(2) Synaptic knob
            Ends of axon or branch of axon
            Embraces sarcolemma
            Cytoplasm contains mitochondria and synaptic vesicles (contains
                 acetylcholine;ACh)
      (3) Synaptic cleft
            A narrow space between synaptic knob and sarcolemma
            Contains acetylcholinesterase, which breaks ACh
      (4) Motor end plate
            Membrane (sarcolemma) where ACh receptors are present
   2) Process of muscle contraction (Fig.9.15, Table 9.2)
      A. Transfer of action potential
         (1) Arrival of action potential
         (2) Influx of Ca++
                Ca++ would travel into synaptic terminal through voltage-gated
                       channels
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            Ca++ allows Ach containing vesicles to move down to synaptic
                    terminal membrane (presynaptic membrane)
      (3) Release of Ach into synaptic cleft
      (4) The binding of Acetycholine (ACh) at the motor end plate (postsynaptic
                    membrane)
           ACh binds to receptors on sarcolemma, then changes membrane
                 permeability to Na+
           Degradation of ACh by acetylcholinesterase into acetic acid and choline
           Influx of Na+ into sarcolemma creates action potential
      (5) The conduction of action potentials through sarcolemma
   B. Contraction and relaxation of skeletal muscle fiber (Fig. 9.12)
      (1) Action potentials spread over sarcolemma, T-tubules, cisternae
      (2) Action potential triggers sudden, massive release of Ca++ from
              cisternae (lateral sac)
             ++
      (3) Ca binds to troponin (troponin)
            Ca++ binding to troponin leads tropomyosin to slide
            Tropomyosin reveals myosin-binding site (active site) of actin
      (4) cross-bridge binds to myosin filament
            Contraction of filaments through cross-bridge movement
      (5) Ca++ removal into sarcoplasmic reticulum by active transportation
            (Ca++-ATPase activity)
      (6) Repositioning of tropomyosin after loosing Ca++
            Conceals active sites
      (7) Relaxes muscle filaments
   C. Cross-bridge cycle (Fig. 9.8)
      (1) Under the presence of Ca++, energized myosin heads (ADP+P) bind
              to actin filament
      (2) Heads move toward the center of sarcomere, and release ADP
              -Muscle contraction
      (3) Binding of ATP to myosin heads leads to detachment of
              cross-bridge
      (4) Hydrolysis of ATP to ADP+P energizes myosin head
           -Separates myosin head from actin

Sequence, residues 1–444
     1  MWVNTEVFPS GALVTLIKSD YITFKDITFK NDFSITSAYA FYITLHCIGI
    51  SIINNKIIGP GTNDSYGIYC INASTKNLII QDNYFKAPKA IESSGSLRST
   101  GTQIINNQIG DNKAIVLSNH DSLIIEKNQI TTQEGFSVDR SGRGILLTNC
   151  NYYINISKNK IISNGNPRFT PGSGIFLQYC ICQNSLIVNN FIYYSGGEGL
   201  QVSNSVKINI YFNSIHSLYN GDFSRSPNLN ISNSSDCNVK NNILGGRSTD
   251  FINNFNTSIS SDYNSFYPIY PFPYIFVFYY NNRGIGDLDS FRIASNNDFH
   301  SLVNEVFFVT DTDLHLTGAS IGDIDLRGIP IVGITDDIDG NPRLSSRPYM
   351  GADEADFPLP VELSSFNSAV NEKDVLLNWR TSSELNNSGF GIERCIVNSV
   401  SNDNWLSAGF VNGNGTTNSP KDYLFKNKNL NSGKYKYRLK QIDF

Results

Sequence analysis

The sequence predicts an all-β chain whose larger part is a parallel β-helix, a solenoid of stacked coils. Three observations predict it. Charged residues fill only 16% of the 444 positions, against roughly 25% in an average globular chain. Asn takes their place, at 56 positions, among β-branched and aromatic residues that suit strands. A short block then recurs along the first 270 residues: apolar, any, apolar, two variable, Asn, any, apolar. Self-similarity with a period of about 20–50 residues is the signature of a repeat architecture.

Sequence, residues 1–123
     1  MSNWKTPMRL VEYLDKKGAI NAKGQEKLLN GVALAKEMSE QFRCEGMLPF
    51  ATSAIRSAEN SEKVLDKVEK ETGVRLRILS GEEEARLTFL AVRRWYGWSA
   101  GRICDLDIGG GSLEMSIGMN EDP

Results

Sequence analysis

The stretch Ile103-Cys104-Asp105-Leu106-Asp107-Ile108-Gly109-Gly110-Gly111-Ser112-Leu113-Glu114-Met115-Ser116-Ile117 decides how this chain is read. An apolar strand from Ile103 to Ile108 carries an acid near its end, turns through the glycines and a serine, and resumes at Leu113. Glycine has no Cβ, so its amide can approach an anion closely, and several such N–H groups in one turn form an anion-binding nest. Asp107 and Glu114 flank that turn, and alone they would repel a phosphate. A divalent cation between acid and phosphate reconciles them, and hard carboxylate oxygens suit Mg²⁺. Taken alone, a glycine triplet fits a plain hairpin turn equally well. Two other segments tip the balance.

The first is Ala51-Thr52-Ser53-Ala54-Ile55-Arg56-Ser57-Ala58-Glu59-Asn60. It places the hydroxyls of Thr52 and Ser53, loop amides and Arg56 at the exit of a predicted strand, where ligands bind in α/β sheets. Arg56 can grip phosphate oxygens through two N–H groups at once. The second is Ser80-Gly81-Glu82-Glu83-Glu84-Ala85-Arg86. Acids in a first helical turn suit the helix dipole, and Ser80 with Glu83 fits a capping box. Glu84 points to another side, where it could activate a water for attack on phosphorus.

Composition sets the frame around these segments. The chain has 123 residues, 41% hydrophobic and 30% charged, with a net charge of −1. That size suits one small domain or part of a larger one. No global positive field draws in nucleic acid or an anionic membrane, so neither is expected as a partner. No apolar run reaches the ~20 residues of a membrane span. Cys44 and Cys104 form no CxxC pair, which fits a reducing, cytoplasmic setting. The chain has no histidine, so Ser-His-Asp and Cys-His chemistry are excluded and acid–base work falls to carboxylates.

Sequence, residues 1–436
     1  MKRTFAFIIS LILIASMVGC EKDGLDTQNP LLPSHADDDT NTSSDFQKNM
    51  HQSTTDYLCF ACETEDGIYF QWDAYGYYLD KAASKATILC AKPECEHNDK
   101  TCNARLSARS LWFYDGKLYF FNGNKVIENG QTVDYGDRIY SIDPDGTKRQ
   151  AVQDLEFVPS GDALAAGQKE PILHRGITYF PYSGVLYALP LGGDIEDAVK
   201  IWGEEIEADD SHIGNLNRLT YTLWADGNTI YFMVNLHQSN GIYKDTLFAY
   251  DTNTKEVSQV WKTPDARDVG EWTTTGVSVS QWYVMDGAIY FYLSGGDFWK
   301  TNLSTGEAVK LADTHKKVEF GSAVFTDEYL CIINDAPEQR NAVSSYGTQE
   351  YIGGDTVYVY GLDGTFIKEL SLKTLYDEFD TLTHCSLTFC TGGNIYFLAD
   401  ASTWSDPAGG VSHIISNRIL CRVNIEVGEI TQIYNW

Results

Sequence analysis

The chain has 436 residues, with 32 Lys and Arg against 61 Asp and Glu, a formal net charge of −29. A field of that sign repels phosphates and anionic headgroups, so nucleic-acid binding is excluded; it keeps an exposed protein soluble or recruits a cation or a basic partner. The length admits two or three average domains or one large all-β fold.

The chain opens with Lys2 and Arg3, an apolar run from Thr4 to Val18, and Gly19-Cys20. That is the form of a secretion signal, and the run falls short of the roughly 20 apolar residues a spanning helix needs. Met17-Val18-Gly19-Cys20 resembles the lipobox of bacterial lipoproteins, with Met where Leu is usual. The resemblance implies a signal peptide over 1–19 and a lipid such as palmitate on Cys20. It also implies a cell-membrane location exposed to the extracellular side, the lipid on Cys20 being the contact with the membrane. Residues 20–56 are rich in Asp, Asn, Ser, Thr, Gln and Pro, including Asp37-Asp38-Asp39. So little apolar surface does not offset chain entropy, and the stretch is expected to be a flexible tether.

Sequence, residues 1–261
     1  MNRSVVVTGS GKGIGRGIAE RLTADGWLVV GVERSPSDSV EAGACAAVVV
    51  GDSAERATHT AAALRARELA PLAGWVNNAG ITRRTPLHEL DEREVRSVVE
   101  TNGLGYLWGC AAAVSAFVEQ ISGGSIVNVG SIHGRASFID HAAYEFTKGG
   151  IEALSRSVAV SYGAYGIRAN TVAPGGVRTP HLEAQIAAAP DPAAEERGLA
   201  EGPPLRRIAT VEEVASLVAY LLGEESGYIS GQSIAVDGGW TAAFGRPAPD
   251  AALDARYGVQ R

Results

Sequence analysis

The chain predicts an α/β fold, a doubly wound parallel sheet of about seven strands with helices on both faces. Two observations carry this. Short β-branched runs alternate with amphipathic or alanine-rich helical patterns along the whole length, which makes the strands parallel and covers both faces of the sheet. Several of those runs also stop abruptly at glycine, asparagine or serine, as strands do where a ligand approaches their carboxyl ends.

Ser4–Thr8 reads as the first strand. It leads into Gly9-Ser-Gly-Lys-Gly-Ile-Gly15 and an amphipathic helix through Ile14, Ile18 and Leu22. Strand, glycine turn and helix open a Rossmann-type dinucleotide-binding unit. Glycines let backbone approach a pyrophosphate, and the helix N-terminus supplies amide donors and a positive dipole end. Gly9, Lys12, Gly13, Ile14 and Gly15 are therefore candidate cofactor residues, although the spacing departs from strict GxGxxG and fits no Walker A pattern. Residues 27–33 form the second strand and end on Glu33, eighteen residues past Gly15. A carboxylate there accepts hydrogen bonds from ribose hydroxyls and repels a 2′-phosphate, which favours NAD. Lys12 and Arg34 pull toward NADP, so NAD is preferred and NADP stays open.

-Ready for next cycle
   D. Conclusion of muscle contraction process (muscle contraction1.mov, 2.mov, 3.mov)
3) Components on muscle contraction (Fig.9.9)
   (1) ATP (Table 9.1)
         A) Energize myosin head (ADP+P on myosin head)
              ATP is allosteric modulator of myosin head
                 -Binding of ATP to myosin head weakens cross-bridge
                       binding to actin
                 -Change the affinity
              ATP to ADP+P at the myosin head by myosin ATPase
                 -Needed to bind to active site of actin filament
         B) Reabsorption of Ca++ into sarcoplasmic reticulum is active transport
         C) Binding of ATP to the myosin head disconnects corss-bridge
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      (2) Calcium
            Mostly contained in sarcoplasmic reticulum
            Released by impulse from T-tubule
            Sarcoplasmic Ca++ concentration is 10-7
              -Need to be 10-6 for muscle contraction
      (3) Sliding of myosin filaments during muscle contraction
            Lead to the changes in microstructure of muscle
      (4) Time line of action potential and muscle contraction (Fig. 9.10)
            Latent period
              - Period from stimulation to muscle contraction
              - Represents time of impulse travel to sarcoplasmic reticulum
              - About 10msec.
            Muscle fiber contraction and relaxation take about 100msec
5. Disruption of neuromuscular signaling
   (1) Preoccupation of neurotransmitter’s receptor
           Ex) Curare: Inhibits muscle contraction (*asphyxiation)
   (2) Inhibition of acetylcholinesterase activity
           Ex) Nerve gases
   (3) Inhibition of neurotransmitter release from vesicle
           Ex) Botulism
6. Mechanics of single fiber contraction
   1) Tension vs. load
        Tension: Force exerted on an object by a contracting muscle
        Load: Force exerted on the muscle by an object (weight)
        Isotonic contraction:
              Muscle length shortened while tension is applied
        Isometric contraction:
              Muscle tension does not cause muscle shortening
              Pushing wall, holding weight
   2) Twitch
           Single muscular contraction and relaxation upon single stimulus
       A. Isometric twitch (Fig. 9.16a)
            Latent period: Time between arrival of action potential and start of
                    tension
            Contraction time: Time from start of tension to peak of tension
            Ca++-ATPase activity in sarcoplasmic reticulum has the major role on
                    fast twitch muscle
               -7.5msec. in eye muscle, 100msec. in calf muscle fibers
       B. Isotonic twitch (Fig. 9.16b)
            Compare to isometric,
                 Longer latent period
                 Shorter duration time
            Characteristics (Fig. 9.17)
                Heavier load produces….
                 (1) Longer latent period
                 (2) Velocity of shortening is slower
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                 (3) Shorter duration
                 (4) Slower contraction
                 (5) Shorter distance
   3) Load-Velocity relation (Fig. 9.18)
        Load = Tension : Isometric tension
        Load > Tension: Isotonic lengthening, heavier gets higher velocity
        Load < Tension: Isotonic shortening, lighter gets higher velocity